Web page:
Kristen Green grew up in a Norman Rockwell dream of a small Southern town: porch swings, sweet tea, Sunday church, and lazy sprinklers on summer lawns. But the place that nurtured her was also the site of a deeply shameful chapter in American history—a racially mixed Virginia community whose leaders, rather than obey the desegregation laws upheld by the U.S. Supreme Court in 1954, chose to shut down its public schools entirely and open a whites-only academy, leaving thousands of black children without resources or recourse.
Green is a journalist by trade, and she builds Something Must Be Done on reams of painstaking research, interviews, and historical documents. Her motivation is personal, though, too: Her grandparents—the same kind, doting couple who lavished love, attention, and endless casseroles on her and her three brothers—were instrumental in the school closures. They and other white residents dubbed themselves the Defenders, though they weren’t necessarily the frothing, epithet-hurling bogeymen of old newsreels. As Green tells it, most “were horrified by what was happening further south: slurs being yelled at children, the Ku Klux Klan burning crosses, lynchings.” Instead, they used more insidious economic and psychological tactics to push back on integration—methods that let them maintain a genteel superiority over seething civil rights hotbeds like Louisiana and Mississippi, and had the double advantage of helping to keep their activities comfortably below the national media’s radar. (JFK and his brother, then U.S. attorney general Robert Kennedy, were eventually among those who took notice: In 1963, RFK told a Louisville, Ky., crowd that “the only places on earth known not to provide free public education are Communist China, North Vietnam, Sarawak, Singapore, British Honduras—and Prince Edward County, Virginia.”)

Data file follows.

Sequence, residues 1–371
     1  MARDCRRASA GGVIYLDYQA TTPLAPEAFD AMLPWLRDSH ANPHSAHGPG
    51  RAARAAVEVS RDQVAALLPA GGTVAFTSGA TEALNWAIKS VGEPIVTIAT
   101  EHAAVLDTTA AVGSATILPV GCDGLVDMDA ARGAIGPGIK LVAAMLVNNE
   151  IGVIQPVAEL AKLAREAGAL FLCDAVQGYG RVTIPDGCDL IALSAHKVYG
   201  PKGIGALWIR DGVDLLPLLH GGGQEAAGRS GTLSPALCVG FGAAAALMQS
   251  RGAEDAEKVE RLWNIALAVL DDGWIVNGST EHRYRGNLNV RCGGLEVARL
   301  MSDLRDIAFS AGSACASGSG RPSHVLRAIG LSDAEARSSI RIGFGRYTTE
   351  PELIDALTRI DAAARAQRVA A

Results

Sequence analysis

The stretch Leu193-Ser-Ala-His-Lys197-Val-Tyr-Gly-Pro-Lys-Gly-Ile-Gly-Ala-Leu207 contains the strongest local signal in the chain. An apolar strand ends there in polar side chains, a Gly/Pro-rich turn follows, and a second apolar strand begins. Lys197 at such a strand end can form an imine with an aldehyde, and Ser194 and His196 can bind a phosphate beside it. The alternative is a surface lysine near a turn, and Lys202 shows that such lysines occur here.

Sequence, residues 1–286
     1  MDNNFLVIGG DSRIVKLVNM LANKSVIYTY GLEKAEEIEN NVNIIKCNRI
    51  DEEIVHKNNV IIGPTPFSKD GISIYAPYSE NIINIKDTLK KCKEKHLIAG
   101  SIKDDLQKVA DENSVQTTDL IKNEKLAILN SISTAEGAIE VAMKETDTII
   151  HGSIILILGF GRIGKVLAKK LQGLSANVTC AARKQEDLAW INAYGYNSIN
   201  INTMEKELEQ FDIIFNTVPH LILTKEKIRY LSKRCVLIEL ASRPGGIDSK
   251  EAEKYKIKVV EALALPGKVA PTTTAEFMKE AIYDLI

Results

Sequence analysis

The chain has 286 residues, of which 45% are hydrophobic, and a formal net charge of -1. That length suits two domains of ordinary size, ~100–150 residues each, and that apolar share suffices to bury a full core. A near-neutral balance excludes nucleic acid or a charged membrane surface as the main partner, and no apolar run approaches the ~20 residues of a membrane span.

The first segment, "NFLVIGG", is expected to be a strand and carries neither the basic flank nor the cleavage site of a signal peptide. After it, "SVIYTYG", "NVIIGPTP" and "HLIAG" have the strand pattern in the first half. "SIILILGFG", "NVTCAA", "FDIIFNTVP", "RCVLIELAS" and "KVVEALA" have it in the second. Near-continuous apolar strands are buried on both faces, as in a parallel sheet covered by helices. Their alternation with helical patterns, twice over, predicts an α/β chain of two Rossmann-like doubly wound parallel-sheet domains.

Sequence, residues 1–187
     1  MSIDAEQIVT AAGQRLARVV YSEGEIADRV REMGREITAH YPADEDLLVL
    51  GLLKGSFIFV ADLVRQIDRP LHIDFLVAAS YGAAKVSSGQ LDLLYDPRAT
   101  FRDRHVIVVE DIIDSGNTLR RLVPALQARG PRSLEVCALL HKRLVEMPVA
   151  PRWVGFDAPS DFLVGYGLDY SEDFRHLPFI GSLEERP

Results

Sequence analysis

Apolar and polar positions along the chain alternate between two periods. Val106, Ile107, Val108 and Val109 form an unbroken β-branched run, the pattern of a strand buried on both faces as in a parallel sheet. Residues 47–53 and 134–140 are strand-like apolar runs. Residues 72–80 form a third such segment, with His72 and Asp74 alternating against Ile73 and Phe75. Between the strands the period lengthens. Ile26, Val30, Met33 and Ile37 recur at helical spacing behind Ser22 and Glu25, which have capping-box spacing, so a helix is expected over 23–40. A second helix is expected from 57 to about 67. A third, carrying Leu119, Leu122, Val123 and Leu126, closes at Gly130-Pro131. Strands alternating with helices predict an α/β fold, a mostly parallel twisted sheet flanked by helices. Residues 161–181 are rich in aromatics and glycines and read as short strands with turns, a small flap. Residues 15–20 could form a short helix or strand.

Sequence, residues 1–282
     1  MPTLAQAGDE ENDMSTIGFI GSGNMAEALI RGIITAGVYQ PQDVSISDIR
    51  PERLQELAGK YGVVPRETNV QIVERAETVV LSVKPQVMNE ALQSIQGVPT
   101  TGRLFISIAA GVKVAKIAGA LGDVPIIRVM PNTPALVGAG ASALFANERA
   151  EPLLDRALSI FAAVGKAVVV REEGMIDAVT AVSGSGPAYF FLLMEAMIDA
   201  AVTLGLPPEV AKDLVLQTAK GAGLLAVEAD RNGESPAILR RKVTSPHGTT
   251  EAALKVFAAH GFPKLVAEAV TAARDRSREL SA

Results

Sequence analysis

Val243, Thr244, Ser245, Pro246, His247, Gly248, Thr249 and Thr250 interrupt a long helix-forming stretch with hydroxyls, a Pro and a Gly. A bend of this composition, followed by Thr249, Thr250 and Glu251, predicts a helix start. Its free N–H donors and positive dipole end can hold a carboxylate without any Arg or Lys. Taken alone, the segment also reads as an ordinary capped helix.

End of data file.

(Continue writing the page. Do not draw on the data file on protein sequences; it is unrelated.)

Something doesn’t always flow easily. Green is sympathetic, but she writes more like a beat reporter than a born storyteller, and her concerns with her own family’s legacy and hardships can feel embarrassingly misplaced. What matters is the scant but vivid voice she gives to the black citizens Prince Edward County silenced for decades, and the light the book shines on how much—and how little—has changed. B+
“The Defenders wanted to keep segregation in place, but they didn’t need to do it by killing, maiming, and burning.”